Climate Change and Plant Species
Elizabeth (Lizzie) Wolkovich grew up in rural New Hampshire, but her early excitement about science didn’t come from her backyard. It came from her television. “I used to love NOVA,” says Wolkovich, assistant professor of organismic and evolutionary biology, of the long-running PBS series. She particularly remembers an episode that profiled researchers at the Keck Observatory in Hawaii. “They were classic scientists—people running around with backpacks, poorly dressed, running up and down the stairs in the observatory and looking at the sky. I thought that looked awesome.” She always wanted, she says, a job where she could wear a backpack.
It’s now part of her uniform as a field ecologist, where her work focuses on the effect of climate change on various plant species. “What we’ve fundamentally done with climate change is altered how organisms experience time,” she says. Plants have longer growing seasons, animals have shifted their reproduction and hibernation schedules—all these critical facets of survival have been distorted. What does this mean for the future of these communities? “I don’t think we, as scientists, have the full set of theories and knowledge we need to predict that yet.”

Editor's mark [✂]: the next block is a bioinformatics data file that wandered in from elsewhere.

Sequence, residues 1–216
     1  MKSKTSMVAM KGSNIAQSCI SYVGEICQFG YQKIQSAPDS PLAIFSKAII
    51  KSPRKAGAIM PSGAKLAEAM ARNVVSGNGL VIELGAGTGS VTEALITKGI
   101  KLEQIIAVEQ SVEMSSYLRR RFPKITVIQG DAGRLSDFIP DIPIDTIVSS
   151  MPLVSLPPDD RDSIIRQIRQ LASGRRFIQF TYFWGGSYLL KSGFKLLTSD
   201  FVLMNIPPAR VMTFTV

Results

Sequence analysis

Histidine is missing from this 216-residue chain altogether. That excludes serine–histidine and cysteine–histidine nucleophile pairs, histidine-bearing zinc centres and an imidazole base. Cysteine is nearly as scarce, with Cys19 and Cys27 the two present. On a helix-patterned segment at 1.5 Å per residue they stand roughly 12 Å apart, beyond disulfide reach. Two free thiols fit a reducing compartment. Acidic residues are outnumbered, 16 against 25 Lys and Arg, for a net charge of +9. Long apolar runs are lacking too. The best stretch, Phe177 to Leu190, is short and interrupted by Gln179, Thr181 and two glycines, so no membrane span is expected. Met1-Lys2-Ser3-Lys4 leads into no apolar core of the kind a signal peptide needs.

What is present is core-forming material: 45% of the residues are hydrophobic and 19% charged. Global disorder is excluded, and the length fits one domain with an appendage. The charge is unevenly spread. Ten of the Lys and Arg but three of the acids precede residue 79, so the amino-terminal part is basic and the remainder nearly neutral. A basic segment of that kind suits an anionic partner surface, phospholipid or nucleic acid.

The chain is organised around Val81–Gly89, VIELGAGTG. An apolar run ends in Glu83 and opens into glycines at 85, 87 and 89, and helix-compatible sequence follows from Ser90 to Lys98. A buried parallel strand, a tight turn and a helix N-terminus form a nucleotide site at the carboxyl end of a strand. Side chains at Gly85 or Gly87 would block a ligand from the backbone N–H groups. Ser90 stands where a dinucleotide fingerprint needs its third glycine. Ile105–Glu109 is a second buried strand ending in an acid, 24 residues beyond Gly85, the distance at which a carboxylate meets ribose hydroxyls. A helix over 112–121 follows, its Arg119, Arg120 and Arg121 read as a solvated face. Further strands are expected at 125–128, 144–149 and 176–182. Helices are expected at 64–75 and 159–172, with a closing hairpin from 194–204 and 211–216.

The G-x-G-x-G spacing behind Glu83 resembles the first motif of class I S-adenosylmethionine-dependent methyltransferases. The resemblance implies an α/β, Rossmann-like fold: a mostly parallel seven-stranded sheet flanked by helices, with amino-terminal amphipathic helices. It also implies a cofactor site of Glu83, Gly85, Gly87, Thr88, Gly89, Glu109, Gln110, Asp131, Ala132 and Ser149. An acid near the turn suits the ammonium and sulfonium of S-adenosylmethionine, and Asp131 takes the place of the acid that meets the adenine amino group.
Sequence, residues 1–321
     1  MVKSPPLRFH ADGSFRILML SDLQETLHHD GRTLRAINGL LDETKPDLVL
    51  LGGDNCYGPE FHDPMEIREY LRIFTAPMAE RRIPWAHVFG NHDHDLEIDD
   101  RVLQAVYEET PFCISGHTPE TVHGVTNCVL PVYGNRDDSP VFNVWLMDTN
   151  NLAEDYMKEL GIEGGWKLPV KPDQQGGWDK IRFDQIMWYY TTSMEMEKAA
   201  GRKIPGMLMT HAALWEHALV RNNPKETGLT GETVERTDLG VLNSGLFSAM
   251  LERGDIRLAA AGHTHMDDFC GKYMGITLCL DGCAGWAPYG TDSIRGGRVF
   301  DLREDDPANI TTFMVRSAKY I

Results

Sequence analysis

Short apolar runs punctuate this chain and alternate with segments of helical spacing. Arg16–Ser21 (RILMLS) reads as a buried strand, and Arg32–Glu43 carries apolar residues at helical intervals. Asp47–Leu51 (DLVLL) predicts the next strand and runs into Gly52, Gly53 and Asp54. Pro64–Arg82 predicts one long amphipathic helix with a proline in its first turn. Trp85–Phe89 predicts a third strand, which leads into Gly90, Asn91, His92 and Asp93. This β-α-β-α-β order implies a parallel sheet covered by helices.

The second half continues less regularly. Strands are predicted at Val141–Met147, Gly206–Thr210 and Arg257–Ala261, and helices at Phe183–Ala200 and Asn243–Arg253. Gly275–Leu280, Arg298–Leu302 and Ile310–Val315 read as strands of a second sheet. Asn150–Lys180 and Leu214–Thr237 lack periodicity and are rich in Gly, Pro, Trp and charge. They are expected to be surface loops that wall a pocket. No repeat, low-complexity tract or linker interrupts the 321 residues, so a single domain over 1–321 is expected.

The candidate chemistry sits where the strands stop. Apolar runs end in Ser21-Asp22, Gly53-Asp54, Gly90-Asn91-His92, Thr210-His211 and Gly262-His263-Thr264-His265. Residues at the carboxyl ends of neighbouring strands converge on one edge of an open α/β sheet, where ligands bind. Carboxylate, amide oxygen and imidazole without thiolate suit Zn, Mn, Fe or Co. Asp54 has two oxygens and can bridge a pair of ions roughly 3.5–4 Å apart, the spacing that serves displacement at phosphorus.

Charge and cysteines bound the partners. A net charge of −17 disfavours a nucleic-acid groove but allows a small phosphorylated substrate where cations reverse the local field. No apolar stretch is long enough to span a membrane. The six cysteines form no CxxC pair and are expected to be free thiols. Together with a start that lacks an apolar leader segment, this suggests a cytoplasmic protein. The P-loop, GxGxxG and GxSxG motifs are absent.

Addressing that deficit requires data. As part of her postdoctoral work, Wolkovich pulled together historical observations on phenology—when plants bud and flower—to better understand the effect of climate change on both native and invasive species. Wolkovich and her research partners compiled datasets that tracked all of the species in a variety of sites—including author Henry David Thoreau’s recordings from Concord, Massachusetts in the 1860s—to create their own phenological database. They used it to confront a question fundamental to the ecology of climate change: as the seasons change, will invasive species compete more successfully than native plants?
Wolkovich’s hypothesis argued that, yes, invasive species might do better because their inherent flexibility makes them able to react more quickly to earlier seasons than native species. One of the most extreme examples of this ability came from Concord—in the last 150 years, they found, the average day that a native species begins to bloom hasn’t changed. Exotic species, though, according to their data, have started to flower more than a week earlier. “This was pretty consistent across North America,” says Wolkovich. “It would suggest that the exotics are getting a leg up in performance through climate change, and perhaps humans have made it easier to be an exotic species and invade a community,” says Wolkovich. “If we continue at this rate of warming, it may be hard to have the time and resources to manage how much exotic species will increase.”
At her lab, Wolkovich is now trying to figure out the impact of that growth on plant communities. “What does the trend in climate—where we’re shifting spring forward—mean to coexistence?” says Wolkovich. “What does it mean to the types of communities that we’ll have in the future?”
— Dan Morrell
This profile originally appeared in Environment@Harvard, Volume 7 Issue 1.